Tech Talk

October 01, 1999 2 min read
  • Save to favorites
  • Print

Mr. Gates’ Neighborhood: Microsoft Corp. is launching a Web site that company officials are describing as an “online community” for teachers who use technology in the classroom. Called the Microsoft Classroom Teacher Network, it will be an electronic meeting place where teachers can take part in online seminars, share lesson plans, and participate in discussion forums. “Teachers face a challenge the rest of us don’t,” says Bob Herbold, chief operating officer of the Redmond, Washington-based company. “They are learning to use technology for personal productivity, but also as a teaching tool to empower students.” Microsoft also plans to contribute $27 million in software and cash to teacher-training programs through next August. For more information, go to

A New Apple For The Teacher: Apple Computer Inc., the former heavyweight sales champ in education and still a major provider of school computers, is trying to regain its title with the iBook, a notebook-sized computer specially priced and equipped for schools. Officials at the Cupertino, California-based company say the iBook-which is also sold in the consumer market-gives educators the capacity for “anywhere, anytime” learning. Though slim with a body shaped to fit easily into a backpack, it’s equipped with a sharp color screen, a full-sized keyboard, and a six- hour rechargeable battery. The iBook is an heir to the Apple eMate 300, a rugged, low-cost portable computer popular with educators when it was introduced in 1996.

Milken Unplugged: Officials at the Milken Family Foundation are closing down the Milken Exchange on Education Technology, claiming the two-year-old initiative has achieved its goals of spurring new study of technology issues. Michael Reese, a spokesman for the Santa Monica, California-based foundation, says it will launch a new initiative to improve the quality of teaching. Reese acknowledged that foundation officials were mindful of a perceived conflict of interest between the nonprofit exchange and the Milken family’s business ventures. Michael Milken, the fallen junk-bond king, and his brother, Lowell, co-founded the Milken Family Foundation and are part-owners of Knowledge Universe Inc., a California company that owns numerous education-related businesses. “I believe at this juncture there was no competition, no conflict,” Reese says. “But could we have said that, with any certainty, of the future? No.” The foundation’s focus on teacher quality is not entirely new; since 1987, it has sponsored the Milken National Educator Awards to honor outstanding teachers. The Milkens’ business has also taken an interest in teaching matters; Knowledge Universe recently formed a subsidiary, Teacher Universe, that offers training for teachers.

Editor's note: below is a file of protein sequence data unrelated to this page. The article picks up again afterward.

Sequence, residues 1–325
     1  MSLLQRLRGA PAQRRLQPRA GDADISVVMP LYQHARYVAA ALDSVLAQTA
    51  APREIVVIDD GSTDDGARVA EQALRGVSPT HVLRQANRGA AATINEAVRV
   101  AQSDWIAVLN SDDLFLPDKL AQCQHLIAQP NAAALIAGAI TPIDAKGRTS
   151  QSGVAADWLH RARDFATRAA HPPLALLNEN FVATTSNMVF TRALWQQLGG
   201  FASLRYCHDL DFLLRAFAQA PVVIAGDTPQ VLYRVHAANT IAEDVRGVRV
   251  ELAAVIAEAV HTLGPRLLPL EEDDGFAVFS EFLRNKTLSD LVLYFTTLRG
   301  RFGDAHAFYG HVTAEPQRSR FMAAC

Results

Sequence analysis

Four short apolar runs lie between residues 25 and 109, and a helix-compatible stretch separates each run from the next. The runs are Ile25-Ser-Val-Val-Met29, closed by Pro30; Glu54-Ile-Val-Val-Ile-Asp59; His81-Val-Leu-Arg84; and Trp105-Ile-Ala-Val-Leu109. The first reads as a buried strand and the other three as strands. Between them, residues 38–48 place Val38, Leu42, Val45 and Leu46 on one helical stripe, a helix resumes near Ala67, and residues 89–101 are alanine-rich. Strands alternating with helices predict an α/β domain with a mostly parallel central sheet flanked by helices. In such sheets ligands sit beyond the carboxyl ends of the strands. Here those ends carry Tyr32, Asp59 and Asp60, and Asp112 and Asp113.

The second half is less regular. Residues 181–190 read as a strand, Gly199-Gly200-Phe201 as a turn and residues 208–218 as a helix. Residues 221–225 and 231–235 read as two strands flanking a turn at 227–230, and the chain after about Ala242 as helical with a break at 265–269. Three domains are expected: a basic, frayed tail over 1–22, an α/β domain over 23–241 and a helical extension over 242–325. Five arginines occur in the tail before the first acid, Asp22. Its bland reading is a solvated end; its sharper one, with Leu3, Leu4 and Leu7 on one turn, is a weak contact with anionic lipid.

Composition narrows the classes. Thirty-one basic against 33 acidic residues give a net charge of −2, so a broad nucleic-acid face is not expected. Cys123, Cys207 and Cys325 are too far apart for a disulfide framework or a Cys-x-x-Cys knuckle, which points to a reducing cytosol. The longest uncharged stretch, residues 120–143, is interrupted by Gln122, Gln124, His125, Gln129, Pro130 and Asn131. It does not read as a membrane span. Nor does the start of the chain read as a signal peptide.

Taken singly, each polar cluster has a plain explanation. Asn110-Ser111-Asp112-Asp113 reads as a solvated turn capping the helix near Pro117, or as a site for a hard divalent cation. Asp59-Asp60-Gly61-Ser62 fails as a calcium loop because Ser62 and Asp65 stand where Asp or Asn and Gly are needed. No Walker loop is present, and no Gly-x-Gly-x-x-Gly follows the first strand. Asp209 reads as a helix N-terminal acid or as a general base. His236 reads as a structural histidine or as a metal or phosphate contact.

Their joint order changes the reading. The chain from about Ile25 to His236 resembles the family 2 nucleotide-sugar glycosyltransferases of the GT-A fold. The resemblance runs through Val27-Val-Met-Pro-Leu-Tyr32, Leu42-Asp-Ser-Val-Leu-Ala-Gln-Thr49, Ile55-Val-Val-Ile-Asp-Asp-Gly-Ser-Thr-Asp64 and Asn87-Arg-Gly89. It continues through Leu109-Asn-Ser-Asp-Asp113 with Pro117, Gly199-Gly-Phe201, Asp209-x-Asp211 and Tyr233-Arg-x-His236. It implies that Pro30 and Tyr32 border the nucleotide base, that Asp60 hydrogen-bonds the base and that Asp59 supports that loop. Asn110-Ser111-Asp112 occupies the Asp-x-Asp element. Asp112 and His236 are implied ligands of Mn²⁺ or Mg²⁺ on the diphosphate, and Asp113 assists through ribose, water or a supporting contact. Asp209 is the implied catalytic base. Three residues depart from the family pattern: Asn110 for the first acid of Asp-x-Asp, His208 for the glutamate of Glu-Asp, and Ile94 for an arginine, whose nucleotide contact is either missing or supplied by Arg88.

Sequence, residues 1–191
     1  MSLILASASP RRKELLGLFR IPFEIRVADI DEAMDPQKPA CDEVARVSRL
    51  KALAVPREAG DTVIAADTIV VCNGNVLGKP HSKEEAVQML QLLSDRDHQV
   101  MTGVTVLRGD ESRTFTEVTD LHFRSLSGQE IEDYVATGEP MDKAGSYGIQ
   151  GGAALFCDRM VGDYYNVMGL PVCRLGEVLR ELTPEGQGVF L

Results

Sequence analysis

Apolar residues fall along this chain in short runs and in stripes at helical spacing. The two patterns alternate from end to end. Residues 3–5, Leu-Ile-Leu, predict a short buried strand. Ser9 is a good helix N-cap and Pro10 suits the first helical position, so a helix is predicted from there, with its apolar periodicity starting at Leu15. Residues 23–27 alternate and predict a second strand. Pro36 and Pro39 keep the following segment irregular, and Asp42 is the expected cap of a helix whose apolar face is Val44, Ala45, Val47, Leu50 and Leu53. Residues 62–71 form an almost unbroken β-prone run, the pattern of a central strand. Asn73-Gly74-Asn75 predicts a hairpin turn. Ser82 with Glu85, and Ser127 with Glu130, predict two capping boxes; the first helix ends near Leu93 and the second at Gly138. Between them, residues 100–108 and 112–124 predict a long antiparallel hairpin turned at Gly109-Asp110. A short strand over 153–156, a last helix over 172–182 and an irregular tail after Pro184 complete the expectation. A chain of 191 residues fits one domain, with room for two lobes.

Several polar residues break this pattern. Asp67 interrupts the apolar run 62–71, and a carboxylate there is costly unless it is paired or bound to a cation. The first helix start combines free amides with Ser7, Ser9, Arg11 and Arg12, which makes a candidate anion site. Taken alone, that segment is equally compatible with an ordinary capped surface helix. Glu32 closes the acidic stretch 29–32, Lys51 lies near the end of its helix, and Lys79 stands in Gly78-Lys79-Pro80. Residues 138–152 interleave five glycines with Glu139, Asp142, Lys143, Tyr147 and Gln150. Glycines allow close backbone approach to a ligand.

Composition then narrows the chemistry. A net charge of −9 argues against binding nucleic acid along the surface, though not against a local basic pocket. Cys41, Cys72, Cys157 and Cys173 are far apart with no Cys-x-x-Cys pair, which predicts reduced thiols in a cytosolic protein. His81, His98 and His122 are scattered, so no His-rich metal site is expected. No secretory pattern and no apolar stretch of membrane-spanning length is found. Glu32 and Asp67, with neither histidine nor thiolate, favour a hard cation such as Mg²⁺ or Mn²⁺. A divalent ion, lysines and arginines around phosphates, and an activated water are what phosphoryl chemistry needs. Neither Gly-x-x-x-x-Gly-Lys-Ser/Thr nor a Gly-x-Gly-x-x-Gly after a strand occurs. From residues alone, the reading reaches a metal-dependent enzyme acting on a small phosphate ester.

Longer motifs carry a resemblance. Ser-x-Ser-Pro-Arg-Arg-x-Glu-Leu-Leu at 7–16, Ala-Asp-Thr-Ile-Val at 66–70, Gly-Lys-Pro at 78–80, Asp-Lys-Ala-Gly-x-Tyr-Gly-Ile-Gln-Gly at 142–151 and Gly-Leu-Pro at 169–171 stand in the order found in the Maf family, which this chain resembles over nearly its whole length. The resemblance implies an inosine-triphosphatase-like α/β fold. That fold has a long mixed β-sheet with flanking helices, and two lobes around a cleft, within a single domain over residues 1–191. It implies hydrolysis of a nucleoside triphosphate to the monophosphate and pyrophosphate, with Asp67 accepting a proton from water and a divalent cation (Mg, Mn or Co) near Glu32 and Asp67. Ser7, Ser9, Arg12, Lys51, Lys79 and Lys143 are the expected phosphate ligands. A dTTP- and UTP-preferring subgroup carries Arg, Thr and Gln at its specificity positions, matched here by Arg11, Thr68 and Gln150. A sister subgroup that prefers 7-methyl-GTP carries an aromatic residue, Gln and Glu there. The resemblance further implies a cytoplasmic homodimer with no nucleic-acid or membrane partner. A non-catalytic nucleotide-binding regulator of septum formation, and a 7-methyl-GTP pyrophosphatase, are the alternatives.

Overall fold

--Andrew Trotter


This content is provided by our sponsor. It is not written by and does not necessarily reflect the views of Education Week's editorial staff.
Mathematics Webinar
Addressing Unfinished Learning in Math: Providing Tutoring at Scale
Most states as well as the federal government have landed on tutoring as a key strategy to address unfinished learning from the pandemic. Take math, for example. Studies have found that students lost more ground
Content provided by Yup Math Tutoring
Classroom Technology Webinar Building Better Blended Learning in K-12 Schools
The pandemic and the increasing use of technology in K-12 education it prompted has added renewed energy to the blended learning movement as most students are now learning in school buildings (and will likely continue

EdWeek Top School Jobs

Teacher Jobs
Search over ten thousand teaching jobs nationwide — elementary, middle, high school and more.
View Jobs
Principal Jobs
Find hundreds of jobs for principals, assistant principals, and other school leadership roles.
View Jobs
Administrator Jobs
Over a thousand district-level jobs: superintendents, directors, more.
View Jobs
Support Staff Jobs
Search thousands of jobs, from paraprofessionals to counselors and more.
View Jobs

Read Next

Education Briefly Stated: November 17, 2021
Here's a look at some recent Education Week articles you may have missed.
8 min read
Education Nearly a Million Kids Vaccinated in Week 1, White House Says
Experts say there are signs that it will be difficult to sustain the initial momentum.
4 min read
Leo Hahn, 11, gets the first shot of the Pfizer COVID-19 vaccine, Tuesday, Nov. 9, 2021, at the University of Washington Medical Center in Seattle. Last week, U.S. health officials gave the final signoff to Pfizer's kid-size COVID-19 shot, a milestone that opened a major expansion of the nation's vaccination campaign to children as young as 5. (AP Photo/Ted S. Warren)
Education How Schools Are Getting Kids the COVID Shot, and Why Some Aren’t
Some district leaders say offering vaccine clinics, with the involvement of trusted school staff, is key to helping overcome hesitancy.
5 min read
A girl walks outside of a mobile vaccine unit after getting the first dose of her COVID-19 vaccine, outside P.S. 277, Friday, Nov. 5, 2021, in the Bronx borough of New York. (AP Photo/Eduardo Munoz Alvarez)
Education Biden Administration Urges Schools to Provide COVID-19 Shots, Information for Kids
The Biden administration is encouraging local school districts to host vaccine clinics for kids and information on benefits of the shots.
2 min read
President Joe Biden, and first lady Jill Biden walk to board Marine One on the South Lawn of the White House in Washington, Saturday, Nov. 6, 2021. Biden is spending the weekend at his home in Rehoboth Beach, Del. (AP Photo/Alex Brandon)